NBA Beer Prices Are Absurd

Grant Hughes@@gt_hughesNational NBA Featured ColumnistMarch 1, 2013

LOS ANGELES, CA - JUNE 17:  Derek Fisher #2 of the Los Angeles Lakers gets a beer poured on him in the locker room after the Lakers defeated the Boston Celtics in Game Seven of the 2010 NBA Finals at Staples Center on June 17, 2010 in Los Angeles, California.  NOTE TO USER: User expressly acknowledges and agrees that, by downloading and/or using this Photograph, user is consenting to the terms and conditions of the Getty Images License Agreement.  (Photo by Christian Petersen/Getty Images)
Christian Petersen/Getty Images

Thanks to a league-wide survey published by Business Insider in this article by Cork Gaines, we now have a collection compiled of the prices for a small draft beer in every NBA arena. The overarching conclusion reached: They're absurdly high.

If you've been losing sleep over the lack of comparative information on the cost of NBA suds, you can finally rest easy, armed with the invaluable knowledge that prices range from an almost-reasonable fee of $5 for the Oklahoma City Thunder and San Antonio Spurs to a comically overpriced $9 for the New York Knicks and Phoenix Suns.

However, if this particular issue had been keeping you up at night to begin with, you should probably start looking into some 12-step programs.

Look, everybody knows that it costs an arm and a leg to catch a buzz at almost any professional sporting event, but two aspects of the study stand out as particularly strange.

First, the disparity in price is striking. Forgive me if I'm mistaken, but I'm pretty sure a thimble full of Bud Light tastes the same in San Antonio as it does in New York. Although, if the Spurs run their beer taps as efficiently as their offense, their $5 drink probably reaches your hand at optimal temperature and with just the right amount of foam.

New York seems to have taken its pricing scheme from a theme park gift shop. Remember, they're charging nine bucks for a small beer. They probably request naming rights over your first-born kid for a large.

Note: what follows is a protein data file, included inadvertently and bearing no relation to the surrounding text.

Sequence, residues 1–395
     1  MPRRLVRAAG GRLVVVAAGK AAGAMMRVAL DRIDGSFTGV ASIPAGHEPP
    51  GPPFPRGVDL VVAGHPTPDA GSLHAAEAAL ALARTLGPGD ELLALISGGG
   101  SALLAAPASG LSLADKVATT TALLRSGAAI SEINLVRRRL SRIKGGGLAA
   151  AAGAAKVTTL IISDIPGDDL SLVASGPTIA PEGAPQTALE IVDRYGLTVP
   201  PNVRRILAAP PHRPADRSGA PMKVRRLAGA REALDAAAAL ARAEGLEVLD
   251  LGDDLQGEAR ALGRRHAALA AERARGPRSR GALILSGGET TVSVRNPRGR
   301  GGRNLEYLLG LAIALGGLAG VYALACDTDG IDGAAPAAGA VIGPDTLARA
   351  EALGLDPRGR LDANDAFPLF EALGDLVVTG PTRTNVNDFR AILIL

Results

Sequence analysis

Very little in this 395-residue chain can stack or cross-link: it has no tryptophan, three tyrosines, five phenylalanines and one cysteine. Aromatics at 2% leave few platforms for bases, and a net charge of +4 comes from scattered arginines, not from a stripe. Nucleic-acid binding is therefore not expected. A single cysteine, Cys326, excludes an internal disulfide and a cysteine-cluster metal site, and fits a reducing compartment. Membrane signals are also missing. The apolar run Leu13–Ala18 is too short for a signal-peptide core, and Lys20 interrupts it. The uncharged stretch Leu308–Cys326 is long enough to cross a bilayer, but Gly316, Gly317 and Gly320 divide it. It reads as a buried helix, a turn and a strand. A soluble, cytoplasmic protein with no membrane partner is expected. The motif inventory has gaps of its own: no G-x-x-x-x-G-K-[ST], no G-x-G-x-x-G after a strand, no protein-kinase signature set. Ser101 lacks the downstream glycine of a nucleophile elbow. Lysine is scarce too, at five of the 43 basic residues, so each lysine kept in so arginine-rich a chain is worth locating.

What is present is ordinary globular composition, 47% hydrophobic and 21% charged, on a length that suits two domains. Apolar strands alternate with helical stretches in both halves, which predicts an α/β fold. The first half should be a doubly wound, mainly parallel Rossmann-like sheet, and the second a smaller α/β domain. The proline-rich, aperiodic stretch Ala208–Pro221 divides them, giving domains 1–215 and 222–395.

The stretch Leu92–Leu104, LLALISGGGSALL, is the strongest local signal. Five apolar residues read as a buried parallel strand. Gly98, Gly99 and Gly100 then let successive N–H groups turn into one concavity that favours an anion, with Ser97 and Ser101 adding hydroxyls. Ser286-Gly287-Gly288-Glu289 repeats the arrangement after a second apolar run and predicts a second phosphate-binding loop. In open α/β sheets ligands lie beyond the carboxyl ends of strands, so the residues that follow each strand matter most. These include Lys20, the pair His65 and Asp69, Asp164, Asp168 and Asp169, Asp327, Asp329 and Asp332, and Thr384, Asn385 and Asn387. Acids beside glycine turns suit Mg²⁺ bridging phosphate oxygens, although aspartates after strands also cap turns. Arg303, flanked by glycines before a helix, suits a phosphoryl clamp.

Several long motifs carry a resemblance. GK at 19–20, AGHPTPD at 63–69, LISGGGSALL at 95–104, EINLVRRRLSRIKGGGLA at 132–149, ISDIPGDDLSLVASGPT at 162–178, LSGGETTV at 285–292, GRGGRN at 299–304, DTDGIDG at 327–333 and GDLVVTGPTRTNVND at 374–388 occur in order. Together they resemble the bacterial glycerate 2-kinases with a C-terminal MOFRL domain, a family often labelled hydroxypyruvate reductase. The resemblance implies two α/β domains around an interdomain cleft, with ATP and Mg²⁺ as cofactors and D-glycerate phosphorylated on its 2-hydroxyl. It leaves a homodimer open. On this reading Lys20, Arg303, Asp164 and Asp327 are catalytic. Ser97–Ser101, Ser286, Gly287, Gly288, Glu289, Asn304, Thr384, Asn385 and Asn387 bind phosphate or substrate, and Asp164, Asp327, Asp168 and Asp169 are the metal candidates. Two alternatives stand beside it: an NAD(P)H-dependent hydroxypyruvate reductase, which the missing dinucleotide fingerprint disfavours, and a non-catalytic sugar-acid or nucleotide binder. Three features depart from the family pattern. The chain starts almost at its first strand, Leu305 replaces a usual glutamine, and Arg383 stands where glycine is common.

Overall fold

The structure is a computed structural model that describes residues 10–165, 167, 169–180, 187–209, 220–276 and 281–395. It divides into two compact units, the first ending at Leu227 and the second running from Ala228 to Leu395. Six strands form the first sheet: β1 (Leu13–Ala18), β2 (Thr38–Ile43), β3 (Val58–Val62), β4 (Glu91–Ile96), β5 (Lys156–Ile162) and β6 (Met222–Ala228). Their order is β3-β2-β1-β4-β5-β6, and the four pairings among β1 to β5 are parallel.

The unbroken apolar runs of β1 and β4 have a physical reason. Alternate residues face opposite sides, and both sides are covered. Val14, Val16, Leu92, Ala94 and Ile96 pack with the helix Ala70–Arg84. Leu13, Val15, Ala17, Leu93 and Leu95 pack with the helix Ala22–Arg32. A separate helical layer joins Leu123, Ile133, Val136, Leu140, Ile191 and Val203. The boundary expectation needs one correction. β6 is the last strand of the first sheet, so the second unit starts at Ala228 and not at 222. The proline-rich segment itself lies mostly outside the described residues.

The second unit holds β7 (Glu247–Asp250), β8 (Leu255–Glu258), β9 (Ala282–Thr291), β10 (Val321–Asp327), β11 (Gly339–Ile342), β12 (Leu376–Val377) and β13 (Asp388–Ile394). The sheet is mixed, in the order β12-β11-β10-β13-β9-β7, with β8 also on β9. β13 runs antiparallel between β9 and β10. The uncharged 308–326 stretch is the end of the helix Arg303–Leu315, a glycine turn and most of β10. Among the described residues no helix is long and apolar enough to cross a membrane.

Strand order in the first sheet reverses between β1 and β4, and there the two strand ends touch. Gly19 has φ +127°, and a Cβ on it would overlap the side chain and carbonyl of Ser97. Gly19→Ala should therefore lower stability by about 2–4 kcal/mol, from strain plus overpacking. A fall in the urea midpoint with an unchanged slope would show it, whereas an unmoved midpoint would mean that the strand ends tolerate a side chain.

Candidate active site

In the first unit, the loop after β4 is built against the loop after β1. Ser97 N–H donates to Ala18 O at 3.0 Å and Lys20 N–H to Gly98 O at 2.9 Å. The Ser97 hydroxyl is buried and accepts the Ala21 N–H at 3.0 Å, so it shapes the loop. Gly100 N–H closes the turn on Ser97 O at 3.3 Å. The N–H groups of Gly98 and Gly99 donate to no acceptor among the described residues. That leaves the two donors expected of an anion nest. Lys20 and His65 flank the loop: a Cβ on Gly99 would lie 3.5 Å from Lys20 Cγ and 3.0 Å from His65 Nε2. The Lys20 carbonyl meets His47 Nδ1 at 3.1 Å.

The second odd take-away from the list of various prices is there doesn't seem to be any rhyme or reason for the varied amounts. Sure, a few of them make sense, like how the major metropolitan cities tend to charge more because their customers have a little more to spend. But why does Phoenix charge the highest amount?

Is it because notoriously stingy Suns owner Robert Sarver knows his audience is so parched by the desert heat that they're desperate for hydration? Does he also keep bottles of water under lock and key?

Let's get back to the Spurs and Thunder for a minute. They've got the two best teams in the West! Shouldn't they, in theory, be able to charge a little more for their booze? Their ticket-holders are getting so much more on-court enjoyment for their buck as it is.

This is all just baffling.

Here's a novel idea: Tie the cost of beer directly to the team's record. That way, if I'm stuck watching the Philadelphia 76ers kick the ball all over the court for two hours, at least I'll be able to contract a quick and inexpensive case of liquid amnesia. As it is now, a beer in Philly costs almost eight bucks.

If I'm sitting through a Sacramento Kings debacle, the least the organization could do is make it dirt cheap for me to get royally bombed.

Prices for concessions corresponding to the success (or lack thereof) of the organization is not a new idea. Minor league baseball has used this system for years. They know they've got an inferior product, so they dispense their drinks at rock-bottom prices, so everybody has a good time in spite of the poor play on the diamond. All I'm saying is that the same principle could apply to the hardwood.

Hey, overpriced beer at NBA games isn't going anywhere. We all know that. Even so, it'd be nice if there was a method to the pricing madness.